Ban on H-2B visa for workers from the Philippines retained

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The bar on H-2B visas for workers in the Philippines remain.

Last year, on Jan. 19, the U.S. Department of Homeland Security removed the Philippines, the Dominican Republic, and Ethiopia from the H-2B visa program due to the potential for abuse, overstay rates, fraud, human trafficking, and other forms of non-compliance.

The ban was supposed to end last week, Jan. 18, but DHS has elected to retain it.

“The Trump administration announced last Thursday it will continue to bar the use of H-2B visas for workers from the Philippines,” said Delegate Gregorio Kilili C. Sablan (Ind-MP) in his digital newsletter.

According to U.S. Citizenship and Immigration Services, for individuals from a particular country to remain eligible for H-2A and H-2B programs, both the country and its beneficiaries working in the United States must demonstrate a continued commitment to upholding the integrity of the U.S. immigration system, fidelity to U.S. laws, and fundamental respect for human rights and public safety.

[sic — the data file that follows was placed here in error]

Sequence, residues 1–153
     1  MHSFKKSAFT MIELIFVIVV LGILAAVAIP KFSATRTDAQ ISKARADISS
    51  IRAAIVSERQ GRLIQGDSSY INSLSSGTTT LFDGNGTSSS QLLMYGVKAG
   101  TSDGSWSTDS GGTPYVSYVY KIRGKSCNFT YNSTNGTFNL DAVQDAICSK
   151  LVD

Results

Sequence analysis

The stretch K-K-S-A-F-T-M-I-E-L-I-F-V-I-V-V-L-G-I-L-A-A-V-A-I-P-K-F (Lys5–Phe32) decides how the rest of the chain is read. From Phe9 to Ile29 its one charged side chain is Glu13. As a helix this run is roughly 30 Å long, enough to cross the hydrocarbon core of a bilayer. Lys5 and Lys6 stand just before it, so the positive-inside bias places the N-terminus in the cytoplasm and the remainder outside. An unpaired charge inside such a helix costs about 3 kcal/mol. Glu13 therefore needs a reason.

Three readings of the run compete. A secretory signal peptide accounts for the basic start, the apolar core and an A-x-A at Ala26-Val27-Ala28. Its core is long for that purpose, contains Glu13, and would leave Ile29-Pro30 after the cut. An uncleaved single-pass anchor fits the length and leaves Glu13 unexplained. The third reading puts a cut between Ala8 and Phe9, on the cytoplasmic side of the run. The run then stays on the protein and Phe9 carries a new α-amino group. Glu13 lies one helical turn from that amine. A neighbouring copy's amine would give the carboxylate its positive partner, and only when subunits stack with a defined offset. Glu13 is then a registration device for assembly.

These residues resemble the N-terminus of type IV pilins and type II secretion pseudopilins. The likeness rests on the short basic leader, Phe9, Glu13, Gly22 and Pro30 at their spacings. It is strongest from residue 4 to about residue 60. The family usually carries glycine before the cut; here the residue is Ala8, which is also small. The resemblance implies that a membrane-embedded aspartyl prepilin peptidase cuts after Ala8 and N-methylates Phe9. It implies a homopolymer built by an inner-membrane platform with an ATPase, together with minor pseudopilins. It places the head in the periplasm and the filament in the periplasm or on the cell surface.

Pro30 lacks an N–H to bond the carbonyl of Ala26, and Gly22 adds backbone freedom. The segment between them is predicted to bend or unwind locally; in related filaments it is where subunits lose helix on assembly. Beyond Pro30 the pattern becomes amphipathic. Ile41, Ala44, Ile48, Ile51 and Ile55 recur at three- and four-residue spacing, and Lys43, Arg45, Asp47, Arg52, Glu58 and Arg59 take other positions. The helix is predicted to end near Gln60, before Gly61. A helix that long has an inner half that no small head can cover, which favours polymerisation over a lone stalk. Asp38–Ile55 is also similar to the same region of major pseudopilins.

The Philippines was made ineligible last year because of problems with human trafficking, , according to the Trump administration.

“To get some exception for the Marianas, which historically turns to the Philippines as a source of labor because of proximity, language, and culture, I asked the Department of Homeland Security for specific data on human trafficking of Filipinos in the Marianas or how trafficking had changed in 2018 to warrant the ban beginning in 2019,” Sablan said.

The DHS gave no answer.

According to Sablan, there are H-2B-eligible countries in the region that could supply the CNMI with workers, such as Taiwan or Fiji.

“One of the reasons I worked for, and succeeded in getting enacted, my new law allowing an additional 3,000 CW permits for construction workers was because of the Trump administration’s ban on the Philippines,” Sablan said.

That new law, the Disaster Recovery Workforce Act, allows workers to come to the Marianas from any country on the Department of Homeland Security’s approved list for 2018 to assist in the typhoon recovery work and prepare the islands for future storms.

At that time, the list included the Philippines.

Iva Maurin | Author
Iva Maurin is a communications specialist with environment and community outreach experience in the Philippines and in California. She has a background in graphic arts and is the Saipan Tribune’s community and environment reporter. Contact her at iva_maurin@saipantribune.com

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